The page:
No matter how I work the numbers, I still find hunting to be the least expensive horse sport out there. Now, if you become obsessed with collecting vintage attire and appointments, start planning a hunting trip in Ireland, plan on an addition to the barn to house your ever increasing number of field hunters...... that's a different story. You drank the kool-aid and there's no cure.
                            Equine Ink - My soapbox for equestrian writings & reviews.
                            EquestrianHow2 - Operating instructions for your horse.

                            Comment


                            • #15
                              Admittedly the 1920s Abercrombie and Fitch field boots given to me in the 80s by a friend are at death's door, the leather's pretty shot and my boot guy said next time the stitching fails, learn to let go and heave them.
                              Yes! A personal, long-standing relationship with the guy who keeps your boots on the road. I thought I was the only one.
                              "Good young horses are bred, but good advanced horses are trained" Sam Griffiths

                              Comment

                              • Original Poster

                                #16
                                Originally posted by Bogie View Post
                                Very true. I still don't own a vest. I'll get there.
                                These can also be picked up at the thrift store! And even scouring the sidesaddle FB pages for used vests in neutral (non bling-y) colors.

                                I did buy the Suitability pattern for a vest thinking it wouldn't be that hard to make one, however when I opened the pattern it looked like the schematic for a NASA substation. If you can sew I will happily send you the pattern (s) if you PM me your address.

                                Comment


                                • #17
                                  Originally posted by ISR View Post
                                  These can also be picked up at the thrift store! And even scouring the sidesaddle FB pages for used vests in neutral (non bling-y) colors.

                                  I did buy the Suitability pattern for a vest thinking it wouldn't be that hard to make one, however when I opened the pattern it looked like the schematic for a NASA substation. If you can sew I will happily send you the pattern (s) if you PM me your address.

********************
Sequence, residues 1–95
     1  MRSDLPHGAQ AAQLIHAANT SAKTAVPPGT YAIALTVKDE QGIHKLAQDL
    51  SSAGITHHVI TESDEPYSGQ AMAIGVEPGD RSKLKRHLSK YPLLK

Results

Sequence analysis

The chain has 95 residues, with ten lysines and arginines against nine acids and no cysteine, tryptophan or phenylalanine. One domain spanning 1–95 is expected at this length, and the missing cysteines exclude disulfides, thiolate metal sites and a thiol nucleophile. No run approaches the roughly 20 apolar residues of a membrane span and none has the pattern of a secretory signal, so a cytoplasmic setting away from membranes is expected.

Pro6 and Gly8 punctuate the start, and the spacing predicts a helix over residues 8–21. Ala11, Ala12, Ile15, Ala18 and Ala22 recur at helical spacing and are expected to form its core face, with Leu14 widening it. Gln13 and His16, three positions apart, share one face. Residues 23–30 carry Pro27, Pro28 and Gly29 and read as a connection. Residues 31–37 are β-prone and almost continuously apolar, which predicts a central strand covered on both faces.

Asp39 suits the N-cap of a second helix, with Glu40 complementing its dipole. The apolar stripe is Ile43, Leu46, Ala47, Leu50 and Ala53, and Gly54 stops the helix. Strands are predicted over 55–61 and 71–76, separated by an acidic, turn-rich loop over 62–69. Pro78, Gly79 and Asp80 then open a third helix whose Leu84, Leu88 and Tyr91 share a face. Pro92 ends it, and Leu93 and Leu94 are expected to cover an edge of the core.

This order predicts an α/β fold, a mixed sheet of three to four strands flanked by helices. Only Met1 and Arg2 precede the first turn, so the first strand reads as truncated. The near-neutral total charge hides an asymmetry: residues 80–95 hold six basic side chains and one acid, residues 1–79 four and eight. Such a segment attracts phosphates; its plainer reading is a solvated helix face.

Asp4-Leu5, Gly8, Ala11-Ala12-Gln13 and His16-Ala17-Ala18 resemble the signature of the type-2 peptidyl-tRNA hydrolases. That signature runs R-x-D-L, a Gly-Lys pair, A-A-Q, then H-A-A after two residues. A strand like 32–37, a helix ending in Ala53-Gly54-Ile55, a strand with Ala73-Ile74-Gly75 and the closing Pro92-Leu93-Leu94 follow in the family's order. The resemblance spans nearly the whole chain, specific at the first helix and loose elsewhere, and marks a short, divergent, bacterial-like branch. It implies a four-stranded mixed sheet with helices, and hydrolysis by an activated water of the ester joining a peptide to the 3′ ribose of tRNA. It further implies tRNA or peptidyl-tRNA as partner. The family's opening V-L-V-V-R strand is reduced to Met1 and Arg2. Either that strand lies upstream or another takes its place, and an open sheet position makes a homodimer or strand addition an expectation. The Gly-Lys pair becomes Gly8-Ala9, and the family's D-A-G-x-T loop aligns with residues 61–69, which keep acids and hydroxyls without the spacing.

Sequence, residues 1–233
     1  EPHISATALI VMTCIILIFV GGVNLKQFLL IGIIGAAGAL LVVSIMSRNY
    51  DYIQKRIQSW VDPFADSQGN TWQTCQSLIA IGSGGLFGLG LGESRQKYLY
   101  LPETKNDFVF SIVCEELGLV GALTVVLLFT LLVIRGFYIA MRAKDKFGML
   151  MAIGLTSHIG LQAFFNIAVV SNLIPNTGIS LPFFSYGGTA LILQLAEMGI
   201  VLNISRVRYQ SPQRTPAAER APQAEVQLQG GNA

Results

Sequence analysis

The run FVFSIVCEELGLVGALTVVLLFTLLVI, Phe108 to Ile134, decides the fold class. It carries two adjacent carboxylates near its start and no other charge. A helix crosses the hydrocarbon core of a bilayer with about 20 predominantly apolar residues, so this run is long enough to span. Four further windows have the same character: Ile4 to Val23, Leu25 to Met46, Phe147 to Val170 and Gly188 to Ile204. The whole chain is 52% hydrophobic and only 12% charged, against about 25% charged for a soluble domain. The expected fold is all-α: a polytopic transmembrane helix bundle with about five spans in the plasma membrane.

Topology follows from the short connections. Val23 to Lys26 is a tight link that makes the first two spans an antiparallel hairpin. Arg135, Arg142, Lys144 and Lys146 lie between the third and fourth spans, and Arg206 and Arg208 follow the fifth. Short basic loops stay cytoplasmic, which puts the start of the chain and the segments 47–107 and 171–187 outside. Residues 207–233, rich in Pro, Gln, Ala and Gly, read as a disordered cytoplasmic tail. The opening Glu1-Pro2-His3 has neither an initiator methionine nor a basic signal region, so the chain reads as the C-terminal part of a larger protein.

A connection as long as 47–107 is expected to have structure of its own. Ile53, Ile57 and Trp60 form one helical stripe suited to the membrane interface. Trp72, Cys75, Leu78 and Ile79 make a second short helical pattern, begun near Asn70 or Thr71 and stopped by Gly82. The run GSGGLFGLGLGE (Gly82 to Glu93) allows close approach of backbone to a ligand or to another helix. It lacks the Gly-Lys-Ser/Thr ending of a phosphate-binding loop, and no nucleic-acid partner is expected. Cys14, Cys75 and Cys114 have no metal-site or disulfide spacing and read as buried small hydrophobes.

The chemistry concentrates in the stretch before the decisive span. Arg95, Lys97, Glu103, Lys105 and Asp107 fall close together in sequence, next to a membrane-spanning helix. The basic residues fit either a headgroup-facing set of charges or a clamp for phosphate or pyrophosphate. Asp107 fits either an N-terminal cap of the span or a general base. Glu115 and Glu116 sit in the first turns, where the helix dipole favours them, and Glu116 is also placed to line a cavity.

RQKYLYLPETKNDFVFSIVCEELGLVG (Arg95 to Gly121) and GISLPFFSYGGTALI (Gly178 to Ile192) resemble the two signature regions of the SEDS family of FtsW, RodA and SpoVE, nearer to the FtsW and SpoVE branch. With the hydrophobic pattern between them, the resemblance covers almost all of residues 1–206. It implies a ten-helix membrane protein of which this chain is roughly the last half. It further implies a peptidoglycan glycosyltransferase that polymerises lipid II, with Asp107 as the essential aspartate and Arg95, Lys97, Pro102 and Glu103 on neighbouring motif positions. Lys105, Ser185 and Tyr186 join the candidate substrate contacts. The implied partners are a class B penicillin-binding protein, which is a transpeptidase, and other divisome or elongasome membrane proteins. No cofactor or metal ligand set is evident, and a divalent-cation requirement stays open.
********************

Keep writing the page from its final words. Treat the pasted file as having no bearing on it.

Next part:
SENT PM

                                  Comment


                                  • #18
                                    Originally posted by ISR View Post
                                    These can also be picked up at the thrift store! And even scouring the sidesaddle FB pages for used vests in neutral (non bling-y) colors.

                                    I did buy the Suitability pattern for a vest thinking it wouldn't be that hard to make one, however when I opened the pattern it looked like the schematic for a NASA substation. If you can sew I will happily send you the pattern (s) if you PM me your address.
                                    I wish I could sew. Crochet, yes, knit yes, sew, no.
                                    Equine Ink - My soapbox for equestrian writings & reviews.
                                    EquestrianHow2 - Operating instructions for your horse.

                                    Comment


                                    • #19
                                      Originally posted by ISR View Post
                                      These can also be picked up at the thrift store! And even scouring the sidesaddle FB pages for used vests in neutral (non bling-y) colors.

                                      I did buy the Suitability pattern for a vest thinking it wouldn't be that hard to make one, however when I opened the pattern it looked like the schematic for a NASA substation. If you can sew I will happily send you the pattern (s) if you PM me your address.
                                      I found some Tattersall wool and made one but have been searching for some canary wool and could only find it if I bought a whole bolt at $8.00 a yard. It took a bit of trial and error but I have a beautiful burgundy with navy and cream check vest now.

                                      Comment


                                      • #20
                                        The OP mentioned finding rust breeches for very little $. Where?????? I have been searching for inexpensive rust breeches for a long time with no luck. I too am a very frugal foxhunter; I ride a cheap horse, buy most items used or at thrift shops, etc, and I cannot afford to spend $100+ on breeches. Where do you all find the rust ones - cheap???